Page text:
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  1. Robert Merrihew Adams (1979). Moral Arguments for Theistic Belief. In C. F. Delaney (ed.), Rationality and Religious Belief. University of Notre Dame Press.
    Moral arguments were the type of theistic argument most characteristic of the nineteenth and early twentieth centuries. More recently they have become one of philosophy’s abandoned farms. The fields are still fertile, but they have not been cultivated systematically since the latest methods came in. The rambling Victorian farmhouse has not been kept up as well as similar structures, and people have not been stripping the sentimental gingerbread off the porches to reveal the clean lines of argument. This paper is (...)
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  2. Arif Ahmed (2013). From Game Theoretical Accounts of Cooperation to Meta-Ethical Choices. Studies in Christian Ethics 26 (2):176-183.
  3. Stephen R. L. Clark (1987). God's Law and Chandler. Philosophical Quarterly 37 (147):203-208.
  4. Stephen R. L. Clark (1982). God's Law and Morality. Philosophical Quarterly 32 (129):339-347.
  5. C. Stephen Evans (2010). Moral Arguments. In A Companion to Philosophy of Religion (Second Edition). Wiley Blackwell. 6-8.
    This article provides a survey of types of moral arguments for the existence of God. The article begins by defending this type of arguments against some common criticisms, and then distinguishes practical moral arguments from theoretical moral arguments, before looking at the strengths and weaknesses of various versions of each type. The philosophers who are discussed include Immanuel Kant, Philip Quinn, Robert Adams, and George Mavrodes. The article defends the claim that such arguments can be an important part of a (...)
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  6. Robert K. Garcia (2009). Introduction. In Robert K. Garcia & Nathan L. King (eds.), Is Goodness Without God Good Enough? A Debate on Faith, Secularism, and Ethics. Rowman & Littlefield.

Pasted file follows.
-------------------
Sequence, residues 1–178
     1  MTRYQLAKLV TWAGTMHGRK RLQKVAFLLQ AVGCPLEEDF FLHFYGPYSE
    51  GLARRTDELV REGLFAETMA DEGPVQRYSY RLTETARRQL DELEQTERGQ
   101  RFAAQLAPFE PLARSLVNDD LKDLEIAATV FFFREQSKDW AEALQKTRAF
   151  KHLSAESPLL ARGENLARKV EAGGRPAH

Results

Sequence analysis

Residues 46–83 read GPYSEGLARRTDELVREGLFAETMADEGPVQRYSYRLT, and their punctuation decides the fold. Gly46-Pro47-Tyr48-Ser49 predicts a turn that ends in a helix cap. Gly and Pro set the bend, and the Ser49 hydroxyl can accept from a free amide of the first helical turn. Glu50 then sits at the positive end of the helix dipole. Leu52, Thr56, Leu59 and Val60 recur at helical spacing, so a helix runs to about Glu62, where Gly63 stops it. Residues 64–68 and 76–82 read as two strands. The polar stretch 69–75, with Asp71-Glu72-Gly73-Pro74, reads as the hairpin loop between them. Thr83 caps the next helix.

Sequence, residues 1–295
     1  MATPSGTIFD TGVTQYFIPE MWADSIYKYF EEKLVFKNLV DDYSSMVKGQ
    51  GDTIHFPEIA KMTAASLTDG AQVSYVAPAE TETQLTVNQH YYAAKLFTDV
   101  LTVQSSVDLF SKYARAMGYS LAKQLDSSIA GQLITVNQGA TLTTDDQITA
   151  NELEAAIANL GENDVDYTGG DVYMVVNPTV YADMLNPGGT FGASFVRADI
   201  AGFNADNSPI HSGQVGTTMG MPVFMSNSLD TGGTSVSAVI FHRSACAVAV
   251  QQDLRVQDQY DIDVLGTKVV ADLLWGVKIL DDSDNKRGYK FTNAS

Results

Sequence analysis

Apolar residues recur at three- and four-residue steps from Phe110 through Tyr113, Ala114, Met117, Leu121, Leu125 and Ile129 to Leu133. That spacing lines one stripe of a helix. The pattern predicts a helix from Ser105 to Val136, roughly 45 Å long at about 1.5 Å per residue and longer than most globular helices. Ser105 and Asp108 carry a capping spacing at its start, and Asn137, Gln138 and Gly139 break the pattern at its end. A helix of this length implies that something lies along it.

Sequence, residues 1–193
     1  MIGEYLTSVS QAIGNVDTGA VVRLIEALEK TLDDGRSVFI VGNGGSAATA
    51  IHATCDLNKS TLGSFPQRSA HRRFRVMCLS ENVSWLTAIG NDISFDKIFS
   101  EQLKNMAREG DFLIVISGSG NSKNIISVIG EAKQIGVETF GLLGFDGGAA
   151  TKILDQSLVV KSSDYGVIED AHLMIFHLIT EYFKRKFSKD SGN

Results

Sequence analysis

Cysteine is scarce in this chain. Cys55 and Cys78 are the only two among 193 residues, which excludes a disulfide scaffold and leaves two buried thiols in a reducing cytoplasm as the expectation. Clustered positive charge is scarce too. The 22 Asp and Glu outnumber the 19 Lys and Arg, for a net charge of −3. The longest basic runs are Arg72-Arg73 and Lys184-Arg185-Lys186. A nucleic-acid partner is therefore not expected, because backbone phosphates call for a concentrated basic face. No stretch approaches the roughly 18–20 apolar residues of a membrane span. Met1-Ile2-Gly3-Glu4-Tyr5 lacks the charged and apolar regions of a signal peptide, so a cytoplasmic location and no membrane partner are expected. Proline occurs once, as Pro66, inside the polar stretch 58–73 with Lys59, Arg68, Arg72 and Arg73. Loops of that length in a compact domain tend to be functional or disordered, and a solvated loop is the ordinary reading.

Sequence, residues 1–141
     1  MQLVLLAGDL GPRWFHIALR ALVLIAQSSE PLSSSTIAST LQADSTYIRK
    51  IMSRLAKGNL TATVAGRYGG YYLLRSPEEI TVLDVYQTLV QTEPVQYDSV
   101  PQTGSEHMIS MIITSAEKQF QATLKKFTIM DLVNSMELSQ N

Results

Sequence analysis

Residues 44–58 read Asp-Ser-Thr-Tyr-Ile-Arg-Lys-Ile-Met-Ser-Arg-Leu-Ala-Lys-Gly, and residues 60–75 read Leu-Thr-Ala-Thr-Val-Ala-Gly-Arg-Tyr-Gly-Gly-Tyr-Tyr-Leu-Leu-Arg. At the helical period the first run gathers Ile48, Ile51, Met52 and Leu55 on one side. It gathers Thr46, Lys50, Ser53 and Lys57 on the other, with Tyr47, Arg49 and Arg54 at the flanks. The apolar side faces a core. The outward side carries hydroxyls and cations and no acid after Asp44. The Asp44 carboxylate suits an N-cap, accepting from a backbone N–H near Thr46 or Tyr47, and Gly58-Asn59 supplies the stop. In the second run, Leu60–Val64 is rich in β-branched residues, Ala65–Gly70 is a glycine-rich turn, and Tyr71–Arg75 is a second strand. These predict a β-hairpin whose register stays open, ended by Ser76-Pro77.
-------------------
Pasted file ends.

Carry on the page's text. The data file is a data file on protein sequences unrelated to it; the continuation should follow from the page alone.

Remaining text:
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  7. Steven D. Hales (2008). A Proof of the Existence of Fairies. Think 16:45 - 48.
    A modest satire on Kant’s moral argument for the existence of God, using Richard Dawkins’s ’The God Delusion’as a jumping-off point. It is written from the first-person perspective of a garden fairy at Kew Gardens.
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  8. Thomas W. Smythe & Michael Rectenwald (2011). Craig on God and Morality. International Philosophical Quarterly 51 (203):331 - 338.
    In this paper we critically evaluate an argument put forward by William Lane Craig for the existence of God based on the assumption that if there were no God, there could be no objective morality. Contrary to Craig, we show that there are some necessary moral truths and objective moral reasoning that holds up whether there is a God or not. We go on to argue that religious faith, when taken alone and without reason or evidence, actually risks undermining morality (...)
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  9. Robert S. Taylor (2010). Kant's Political Religion: The Transparency of Perpetual Peace and the Highest Good. Review of Politics 72 (1):1-24.
    Scholars have long debated the relationship between Kant’s doctrine of right and his doctrine of virtue (including his moral religion or ethico-theology), which are the two branches of his moral philosophy. This article will examine the intimate connection in his practical philosophy between perpetual peace and the highest good, between political and ethico-religious communities, and between the types of transparency peculiar to each. It will show how domestic and international right provides a framework for the development of ethical communities, including (...)
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  10. Erik Wielenberg (2009). In Defense of Non-Natural, Non-Theistic Moral Realism. Faith and Philosophy 29 (1):23-41.
    Many believe that objective morality requires a theistic foundation. I maintain that there are sui generis objective ethical facts that do not reduce to natural or supernatural facts. On my view, objective morality does not require an external foundation of any kind. After explaining my view, I defend it against a variety of objections posed by William Wainwright, William Lane Craig, and J. P. Moreland.
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